Hasem Habelhah, PhD

Associate Professor
Pathology

Office: 1173 ML
Office Phone: 319-335-6517

Lab: 1194 ML
319-335-8168


Lab Website: https://habelhah.lab.uiowa.edu/

The role of TRAF2 phosphorylation in NF-κB activation and cancer cell resistance to apoptosis

The NF-κB transcription factors play critical roles in regulating inflammation, the immune response, cell proliferation and survival. Abnormal NF-κB activation has been observed in various inflammatory diseases and many types of cancers. TRAF2 is a prototypical member of the TRAF family, and transduces signals that emanate from several members of the TNF receptor superfamily, resulting in activation of the NF-κB pathway. By classical phosphopeptide mapping approaches, we mapped two phosphorylation sites (Ser-11 and Ser-55) on the N-terminal region of TRAF2, and discovered that TRAF2 phosphorylation increases both the basal and inducible NF-κB activity. Western blot analysis revealed that TRAF2 is constitutively phosphorylated in some cancer cell lines as well as in some human tumor tissues, suggesting that TRAF2 phosphorylation is one of the events responsible for the elevation of basal NF-κB activity in cancer cells. Recently, we found that endoplasmic reticulum (ER) and oxidative stresses also strongly induce TRAF2 phosphorylation at both Ser-11 and Ser-55 sites, and that such TRAF2 phosphorylation plays an essential role in cell survival in the context of chronic ER and oxidative stresses. Currently, we are characterizing the molecular mechanisms underlying the regulation of TRAF2 phosphorylation and exploring its pathophysiological significance in TNFα- and stress-induced NF-κB activation and cancer cell resistance to apoptosis. Our studies will advance our understanding of how cancer cells adapt to chronic cellular stresses.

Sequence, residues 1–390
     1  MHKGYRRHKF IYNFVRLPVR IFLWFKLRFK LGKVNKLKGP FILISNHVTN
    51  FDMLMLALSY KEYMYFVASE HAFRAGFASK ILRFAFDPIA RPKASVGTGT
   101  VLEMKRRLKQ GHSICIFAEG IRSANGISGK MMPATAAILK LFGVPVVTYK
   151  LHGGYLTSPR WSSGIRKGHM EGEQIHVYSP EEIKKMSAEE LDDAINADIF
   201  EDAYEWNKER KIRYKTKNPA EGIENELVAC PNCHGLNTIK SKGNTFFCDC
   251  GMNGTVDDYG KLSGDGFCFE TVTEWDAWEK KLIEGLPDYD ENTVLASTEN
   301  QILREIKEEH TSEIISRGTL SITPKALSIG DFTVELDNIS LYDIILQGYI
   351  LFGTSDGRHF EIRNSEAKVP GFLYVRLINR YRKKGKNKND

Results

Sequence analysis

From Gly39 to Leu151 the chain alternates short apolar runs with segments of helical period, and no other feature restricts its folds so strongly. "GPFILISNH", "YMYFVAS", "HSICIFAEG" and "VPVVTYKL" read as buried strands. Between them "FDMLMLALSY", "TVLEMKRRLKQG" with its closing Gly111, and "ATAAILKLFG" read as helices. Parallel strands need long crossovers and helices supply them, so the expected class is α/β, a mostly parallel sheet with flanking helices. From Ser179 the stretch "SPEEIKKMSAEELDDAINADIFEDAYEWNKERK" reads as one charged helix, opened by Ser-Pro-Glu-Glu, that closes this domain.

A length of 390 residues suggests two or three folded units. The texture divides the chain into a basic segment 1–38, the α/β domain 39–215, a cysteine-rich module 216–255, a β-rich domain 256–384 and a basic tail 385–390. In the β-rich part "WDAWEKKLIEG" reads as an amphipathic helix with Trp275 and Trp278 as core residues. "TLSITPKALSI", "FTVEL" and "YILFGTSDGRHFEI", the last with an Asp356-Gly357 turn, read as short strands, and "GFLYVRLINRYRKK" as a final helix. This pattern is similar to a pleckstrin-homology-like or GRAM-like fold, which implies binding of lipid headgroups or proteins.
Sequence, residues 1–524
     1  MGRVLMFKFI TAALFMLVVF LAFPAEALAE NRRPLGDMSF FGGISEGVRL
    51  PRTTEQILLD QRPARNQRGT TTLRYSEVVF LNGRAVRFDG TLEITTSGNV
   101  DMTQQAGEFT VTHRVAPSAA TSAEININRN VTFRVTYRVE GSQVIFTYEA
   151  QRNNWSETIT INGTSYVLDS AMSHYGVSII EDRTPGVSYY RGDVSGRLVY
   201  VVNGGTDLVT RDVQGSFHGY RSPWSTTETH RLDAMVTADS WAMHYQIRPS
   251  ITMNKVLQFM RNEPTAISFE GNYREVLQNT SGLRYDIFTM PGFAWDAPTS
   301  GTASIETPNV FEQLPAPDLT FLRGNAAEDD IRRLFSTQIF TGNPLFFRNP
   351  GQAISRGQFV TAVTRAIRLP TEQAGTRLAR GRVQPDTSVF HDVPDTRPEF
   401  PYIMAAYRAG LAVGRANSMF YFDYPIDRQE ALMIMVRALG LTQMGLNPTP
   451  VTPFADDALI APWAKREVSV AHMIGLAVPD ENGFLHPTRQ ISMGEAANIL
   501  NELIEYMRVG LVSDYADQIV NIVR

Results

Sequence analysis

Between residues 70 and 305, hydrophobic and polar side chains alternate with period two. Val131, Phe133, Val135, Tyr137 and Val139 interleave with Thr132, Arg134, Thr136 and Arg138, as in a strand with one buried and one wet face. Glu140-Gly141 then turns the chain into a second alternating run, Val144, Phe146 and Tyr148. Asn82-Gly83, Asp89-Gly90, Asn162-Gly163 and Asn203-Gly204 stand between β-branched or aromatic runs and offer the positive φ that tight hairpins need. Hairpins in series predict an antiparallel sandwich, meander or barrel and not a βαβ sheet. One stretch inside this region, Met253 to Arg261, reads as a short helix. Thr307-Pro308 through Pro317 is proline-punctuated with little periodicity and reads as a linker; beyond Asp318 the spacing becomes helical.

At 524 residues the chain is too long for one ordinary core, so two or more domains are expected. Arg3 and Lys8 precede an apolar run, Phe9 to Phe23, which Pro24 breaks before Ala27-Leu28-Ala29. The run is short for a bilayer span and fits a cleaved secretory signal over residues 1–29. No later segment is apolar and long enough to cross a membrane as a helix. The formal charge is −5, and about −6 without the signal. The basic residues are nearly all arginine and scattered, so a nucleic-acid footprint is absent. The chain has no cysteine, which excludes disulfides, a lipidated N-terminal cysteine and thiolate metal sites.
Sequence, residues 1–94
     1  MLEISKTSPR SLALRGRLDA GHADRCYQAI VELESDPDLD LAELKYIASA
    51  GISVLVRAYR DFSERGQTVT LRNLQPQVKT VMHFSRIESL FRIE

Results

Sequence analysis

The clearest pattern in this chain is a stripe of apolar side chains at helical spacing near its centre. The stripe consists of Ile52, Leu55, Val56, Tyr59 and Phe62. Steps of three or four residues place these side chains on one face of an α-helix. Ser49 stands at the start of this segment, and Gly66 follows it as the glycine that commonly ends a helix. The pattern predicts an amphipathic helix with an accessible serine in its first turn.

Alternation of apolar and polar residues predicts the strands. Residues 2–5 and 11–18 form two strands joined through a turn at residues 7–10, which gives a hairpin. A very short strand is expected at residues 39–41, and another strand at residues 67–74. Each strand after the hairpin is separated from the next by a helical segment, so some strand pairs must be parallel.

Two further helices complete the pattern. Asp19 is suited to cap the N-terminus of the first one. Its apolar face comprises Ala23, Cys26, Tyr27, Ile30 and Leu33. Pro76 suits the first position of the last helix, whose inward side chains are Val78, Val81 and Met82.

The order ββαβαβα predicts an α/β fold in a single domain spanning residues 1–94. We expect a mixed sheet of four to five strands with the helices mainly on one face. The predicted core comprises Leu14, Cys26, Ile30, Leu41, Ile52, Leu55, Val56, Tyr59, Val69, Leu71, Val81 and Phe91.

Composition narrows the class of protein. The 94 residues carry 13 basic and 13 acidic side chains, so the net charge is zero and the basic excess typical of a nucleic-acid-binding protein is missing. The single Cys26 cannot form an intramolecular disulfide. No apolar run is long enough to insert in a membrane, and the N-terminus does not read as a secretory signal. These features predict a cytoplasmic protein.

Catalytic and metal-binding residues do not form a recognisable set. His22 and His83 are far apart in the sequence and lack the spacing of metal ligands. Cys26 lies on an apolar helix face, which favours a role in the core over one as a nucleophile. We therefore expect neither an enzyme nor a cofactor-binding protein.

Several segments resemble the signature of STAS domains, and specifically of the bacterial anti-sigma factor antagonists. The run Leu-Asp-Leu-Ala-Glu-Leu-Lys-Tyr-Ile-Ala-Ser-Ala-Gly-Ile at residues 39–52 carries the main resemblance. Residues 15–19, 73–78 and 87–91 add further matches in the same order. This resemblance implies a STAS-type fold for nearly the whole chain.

PubMed link

Department/Program Affiliations:
Molecular Medicine
MSTP
Pathology